WAMU 88.5 : News

Filed Under:

National Zoo Goes On 24-Hour-A-Day Panda Pregnancy Watch

Play associated audio
Mei Xiang might be pregnant—or not.
http://www.flickr.com/photos/ableman/485495048/
Mei Xiang might be pregnant—or not.

The National Zoo says it's on 24-hours-a-day panda watch as a female giant panda shows behavioral changes consistent with a pregnancy or pseudopregnancy.

Volunteer behavior watchers have been monitoring Mei Xiang via panda cams all day and night since Aug. 7. Keepers say Mei Xiang is very lethargic, eating less and shredding bamboo for her nest. Zoo officials say the panda sometimes cradles and grooms her toys.

Keepers say the behaviors have been seen every year during this time, and could either indicate that she's pregnant or suffering a pseudopregnancy.

The National Zoo's resident female panda gave birth to a cub in September 2012, but it died after only a week due to lung and liver damage. Before that, Mei Xiang produced Tai Shan—affectionately known as "Butterstick" after his size at birth—in 2005. She has also had five failed pregnancies.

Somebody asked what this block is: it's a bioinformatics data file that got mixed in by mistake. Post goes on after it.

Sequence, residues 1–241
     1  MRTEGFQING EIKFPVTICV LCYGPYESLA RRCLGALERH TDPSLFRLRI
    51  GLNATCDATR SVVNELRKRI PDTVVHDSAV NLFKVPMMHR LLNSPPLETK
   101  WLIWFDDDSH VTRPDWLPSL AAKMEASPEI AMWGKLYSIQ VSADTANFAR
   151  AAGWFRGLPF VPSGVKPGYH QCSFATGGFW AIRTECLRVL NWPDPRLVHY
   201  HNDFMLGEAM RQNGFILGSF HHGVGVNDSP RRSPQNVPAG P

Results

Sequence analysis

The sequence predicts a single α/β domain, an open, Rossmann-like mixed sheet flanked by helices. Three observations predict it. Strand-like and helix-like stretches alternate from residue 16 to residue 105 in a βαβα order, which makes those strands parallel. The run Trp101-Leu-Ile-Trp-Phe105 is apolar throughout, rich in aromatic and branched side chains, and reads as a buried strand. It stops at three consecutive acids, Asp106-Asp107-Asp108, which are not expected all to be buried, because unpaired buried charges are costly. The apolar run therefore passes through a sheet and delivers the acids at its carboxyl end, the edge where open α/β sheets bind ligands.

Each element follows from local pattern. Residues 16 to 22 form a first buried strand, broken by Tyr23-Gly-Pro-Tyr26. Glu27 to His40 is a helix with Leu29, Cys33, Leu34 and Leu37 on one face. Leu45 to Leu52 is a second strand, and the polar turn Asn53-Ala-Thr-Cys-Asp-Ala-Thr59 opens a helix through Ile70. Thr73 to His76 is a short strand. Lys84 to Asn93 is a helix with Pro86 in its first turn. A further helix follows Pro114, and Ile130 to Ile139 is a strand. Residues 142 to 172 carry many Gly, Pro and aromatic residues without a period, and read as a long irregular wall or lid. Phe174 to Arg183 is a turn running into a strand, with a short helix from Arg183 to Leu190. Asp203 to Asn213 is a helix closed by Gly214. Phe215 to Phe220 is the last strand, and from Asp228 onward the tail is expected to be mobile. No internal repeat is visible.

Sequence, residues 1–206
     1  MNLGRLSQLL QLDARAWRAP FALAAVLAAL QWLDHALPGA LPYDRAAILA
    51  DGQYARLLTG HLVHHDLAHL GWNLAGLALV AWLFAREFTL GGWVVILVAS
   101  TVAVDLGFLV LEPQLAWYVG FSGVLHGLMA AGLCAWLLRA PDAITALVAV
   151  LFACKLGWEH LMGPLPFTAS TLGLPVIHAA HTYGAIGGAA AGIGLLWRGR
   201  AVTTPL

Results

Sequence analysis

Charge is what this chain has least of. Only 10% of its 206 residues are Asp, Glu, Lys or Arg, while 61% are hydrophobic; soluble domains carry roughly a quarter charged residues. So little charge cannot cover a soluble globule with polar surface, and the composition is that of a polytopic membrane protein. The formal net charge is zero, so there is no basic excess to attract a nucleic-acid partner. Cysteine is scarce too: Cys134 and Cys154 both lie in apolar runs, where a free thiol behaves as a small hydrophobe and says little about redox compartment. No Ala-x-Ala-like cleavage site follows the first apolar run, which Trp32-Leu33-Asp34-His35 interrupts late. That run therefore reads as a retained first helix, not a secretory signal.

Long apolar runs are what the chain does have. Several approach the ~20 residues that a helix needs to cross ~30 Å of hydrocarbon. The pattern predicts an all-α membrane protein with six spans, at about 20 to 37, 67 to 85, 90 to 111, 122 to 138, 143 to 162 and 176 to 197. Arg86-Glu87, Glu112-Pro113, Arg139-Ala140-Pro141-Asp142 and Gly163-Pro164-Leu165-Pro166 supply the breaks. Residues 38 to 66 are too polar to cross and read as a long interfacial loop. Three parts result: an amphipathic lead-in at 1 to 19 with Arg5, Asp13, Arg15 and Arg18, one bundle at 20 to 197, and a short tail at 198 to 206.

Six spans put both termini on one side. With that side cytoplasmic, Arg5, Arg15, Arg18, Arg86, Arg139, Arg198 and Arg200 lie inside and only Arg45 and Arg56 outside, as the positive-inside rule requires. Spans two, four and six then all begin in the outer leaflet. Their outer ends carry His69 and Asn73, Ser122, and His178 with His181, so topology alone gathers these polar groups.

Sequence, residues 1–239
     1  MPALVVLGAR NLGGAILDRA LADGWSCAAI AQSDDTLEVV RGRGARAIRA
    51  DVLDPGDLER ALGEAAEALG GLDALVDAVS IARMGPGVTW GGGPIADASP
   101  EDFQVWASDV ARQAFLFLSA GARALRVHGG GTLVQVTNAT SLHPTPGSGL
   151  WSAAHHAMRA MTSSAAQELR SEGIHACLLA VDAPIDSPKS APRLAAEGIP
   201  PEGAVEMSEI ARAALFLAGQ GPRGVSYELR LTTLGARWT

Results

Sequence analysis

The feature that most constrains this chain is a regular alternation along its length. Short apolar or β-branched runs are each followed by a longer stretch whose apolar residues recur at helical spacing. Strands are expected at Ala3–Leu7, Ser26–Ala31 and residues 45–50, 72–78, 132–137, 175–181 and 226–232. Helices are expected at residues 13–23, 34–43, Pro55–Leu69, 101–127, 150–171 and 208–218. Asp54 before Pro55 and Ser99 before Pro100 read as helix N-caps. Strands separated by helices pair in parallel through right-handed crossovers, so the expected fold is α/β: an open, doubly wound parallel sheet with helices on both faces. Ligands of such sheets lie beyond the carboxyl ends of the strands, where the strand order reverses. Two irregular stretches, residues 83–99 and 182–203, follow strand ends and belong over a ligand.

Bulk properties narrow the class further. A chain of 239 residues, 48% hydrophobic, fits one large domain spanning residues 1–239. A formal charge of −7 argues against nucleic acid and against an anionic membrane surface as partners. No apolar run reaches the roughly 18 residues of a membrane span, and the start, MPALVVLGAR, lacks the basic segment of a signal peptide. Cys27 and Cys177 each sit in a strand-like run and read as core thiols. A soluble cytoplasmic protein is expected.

Veterinarians have tried, but failed, to perform ultrasounds.

NPR

Not My Job: Author Randy Wayne White Gets Quizzed On Theme Restaurants

In addition to being the author of the Doc Ford books and the Hannah Smith series, White has been an explorer, a deep sea diver, a full-time fishing guide, and he owns restaurants throughout Florida.
NPR

This Historian Wants You To Know The Real Story Of Southern Food

Michael Twitty wants credit given to the enslaved African-Americans who were part of Southern cuisine's creation. So he goes to places like Monticello to cook meals slaves would have eaten.
NPR

A Local Sheriff's Race Is Drawing National Attention And A Hefty Price Tag

One of the country's most expensive races for local office is in Arizona's Maricopa County where Sheriff Joe Arpaio, a noted opponent of illegal immigration, has the toughest challenge of his career.
NPR

#NPRreads: Two Looks At America — And One Look At America's Pastime

Correspondents, editors and producers from NPR's newsroom share the pieces that have kept them reading.

Leave a Comment

Help keep the conversation civil. Please refer to our Terms of Use and Code of Conduct before posting your comments.